• As the Zondervan editor of RGNT, let me weigh in on a couple of issues. Yes, the first edition was an italic font, similar to what is in the earlier Nestle-Aland Greek texts. But because so many today are used to a non-italic font and we received comments from them, we decided to move to a non-italic font. When we did our second edition, we also decided to add some maps in the back, and we added a ribbon (unfortunately, the ribbon did not get into the first printing,but it is there now).

    It is true that the text we used is the one that underlies the TNIV, with footnotes as to how each different reading varies from the UBS text. Textual criticism is a big topic that requires training in understanding how scholars decide between readings. We did not include the defense of each choice because this is not the purpose of a READER’S Greek New Testament. In order to investigate the manuscript evidence for each variant reading, you will need either the NA27 or UBS4 Greek text.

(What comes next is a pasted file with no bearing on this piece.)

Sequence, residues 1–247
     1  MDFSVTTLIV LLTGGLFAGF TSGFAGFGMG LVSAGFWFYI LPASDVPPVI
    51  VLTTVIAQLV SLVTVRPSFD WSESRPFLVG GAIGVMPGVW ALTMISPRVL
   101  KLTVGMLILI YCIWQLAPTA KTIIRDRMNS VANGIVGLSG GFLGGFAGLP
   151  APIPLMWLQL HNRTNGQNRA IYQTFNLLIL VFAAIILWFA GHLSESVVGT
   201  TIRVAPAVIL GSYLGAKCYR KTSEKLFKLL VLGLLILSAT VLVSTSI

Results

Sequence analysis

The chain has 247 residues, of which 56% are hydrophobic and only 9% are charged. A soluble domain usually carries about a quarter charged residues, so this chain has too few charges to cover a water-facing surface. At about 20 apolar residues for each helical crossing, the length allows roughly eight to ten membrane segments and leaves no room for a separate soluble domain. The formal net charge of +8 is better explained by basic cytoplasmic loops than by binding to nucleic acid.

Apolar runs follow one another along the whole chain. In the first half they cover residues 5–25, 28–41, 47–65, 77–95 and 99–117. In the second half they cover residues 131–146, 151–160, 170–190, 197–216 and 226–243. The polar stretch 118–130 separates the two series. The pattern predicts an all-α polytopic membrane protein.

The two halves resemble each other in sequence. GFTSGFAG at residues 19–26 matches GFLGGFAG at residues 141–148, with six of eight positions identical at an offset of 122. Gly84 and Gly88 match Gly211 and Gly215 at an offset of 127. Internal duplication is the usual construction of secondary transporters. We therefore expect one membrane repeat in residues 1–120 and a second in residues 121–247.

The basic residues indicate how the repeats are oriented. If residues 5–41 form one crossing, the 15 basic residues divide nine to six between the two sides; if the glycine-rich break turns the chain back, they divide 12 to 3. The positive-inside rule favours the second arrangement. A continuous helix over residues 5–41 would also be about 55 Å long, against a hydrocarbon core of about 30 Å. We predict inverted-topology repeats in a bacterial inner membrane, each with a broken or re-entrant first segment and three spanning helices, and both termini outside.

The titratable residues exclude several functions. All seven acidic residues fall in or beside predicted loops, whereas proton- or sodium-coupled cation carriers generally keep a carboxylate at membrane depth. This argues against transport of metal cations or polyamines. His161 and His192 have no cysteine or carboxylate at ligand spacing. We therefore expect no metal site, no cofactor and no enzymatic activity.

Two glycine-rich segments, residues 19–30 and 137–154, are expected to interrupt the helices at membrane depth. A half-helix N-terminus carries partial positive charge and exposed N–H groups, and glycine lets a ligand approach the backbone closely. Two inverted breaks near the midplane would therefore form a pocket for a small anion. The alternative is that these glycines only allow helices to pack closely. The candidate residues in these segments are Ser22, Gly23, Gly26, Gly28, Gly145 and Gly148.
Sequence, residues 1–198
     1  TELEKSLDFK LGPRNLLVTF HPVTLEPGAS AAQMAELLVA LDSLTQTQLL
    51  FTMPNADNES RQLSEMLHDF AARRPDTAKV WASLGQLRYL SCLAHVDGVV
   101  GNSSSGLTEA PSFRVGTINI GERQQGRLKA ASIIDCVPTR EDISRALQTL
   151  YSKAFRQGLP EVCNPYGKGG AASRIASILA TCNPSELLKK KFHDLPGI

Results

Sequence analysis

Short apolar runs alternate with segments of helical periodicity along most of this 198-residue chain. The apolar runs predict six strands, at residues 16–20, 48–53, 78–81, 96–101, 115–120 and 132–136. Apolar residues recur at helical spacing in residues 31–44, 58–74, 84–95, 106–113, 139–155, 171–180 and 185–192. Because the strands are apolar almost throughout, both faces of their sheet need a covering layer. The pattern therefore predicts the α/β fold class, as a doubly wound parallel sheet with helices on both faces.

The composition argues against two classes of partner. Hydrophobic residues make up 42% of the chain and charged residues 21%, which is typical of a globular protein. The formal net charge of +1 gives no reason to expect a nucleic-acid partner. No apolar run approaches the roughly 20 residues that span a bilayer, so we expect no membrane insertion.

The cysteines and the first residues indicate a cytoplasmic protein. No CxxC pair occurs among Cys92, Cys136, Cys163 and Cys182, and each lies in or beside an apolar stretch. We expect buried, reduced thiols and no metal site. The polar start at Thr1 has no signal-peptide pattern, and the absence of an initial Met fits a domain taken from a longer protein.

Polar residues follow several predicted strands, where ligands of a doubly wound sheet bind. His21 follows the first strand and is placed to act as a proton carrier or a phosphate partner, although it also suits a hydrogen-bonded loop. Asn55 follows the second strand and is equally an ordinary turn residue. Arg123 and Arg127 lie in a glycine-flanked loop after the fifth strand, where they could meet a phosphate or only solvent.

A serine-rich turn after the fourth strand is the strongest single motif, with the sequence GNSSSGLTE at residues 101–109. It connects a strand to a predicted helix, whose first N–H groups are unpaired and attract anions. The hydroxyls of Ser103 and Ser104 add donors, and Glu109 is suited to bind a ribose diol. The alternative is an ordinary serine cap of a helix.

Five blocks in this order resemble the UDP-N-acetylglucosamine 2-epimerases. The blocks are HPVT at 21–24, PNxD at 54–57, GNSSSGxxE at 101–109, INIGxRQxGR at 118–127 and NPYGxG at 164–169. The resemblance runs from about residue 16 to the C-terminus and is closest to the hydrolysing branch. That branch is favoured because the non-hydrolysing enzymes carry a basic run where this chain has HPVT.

• Terry,

    You can get it from a few places, including Eisenbrauns (we don’t have it in stock right now), CBD, etc.


  • I have both the Zondervan and the UBS Reader’s GNT. I much prefer the UBS, due to:

    1) better font
    2) better numbering and format of page bottom lexical aids.

  • @Jerry: so your real issue is more stylistic than anything else?

    @Dr. Verbrugge: Thank you for your clarifying comments. I agree that if you are going to do serious study, you should use the two greek manuscripts that are in use today. I believe this is similar to the way many prepare for a sermon when they use more than one translation of the Bible.

    @James: Thank you for letting us know where to find a cheaper version of the UBS Reader.

  • Hello! I was using for about an year UBS4 taken in Rotterdam book-store in Holland for my devotions. Now when I’ve find Zondervan’s One, I think for reading and meditations this one’s best choise fom me, because then your aim is the DIVING in the DEEPS of GOD’s WORD for yourself it’s not nesaserely having manuscript’s reading variant, but take out lexicon for a time is good sometame. So i’ve ordered my Reader’s GNT via CBD and waiting for him-then guy from DHL will put this one to my hand.And even one thing is good-the Greatest Book in The universe( GOD’s WORD) must have a attractive representetion!

Written by Terry Delaney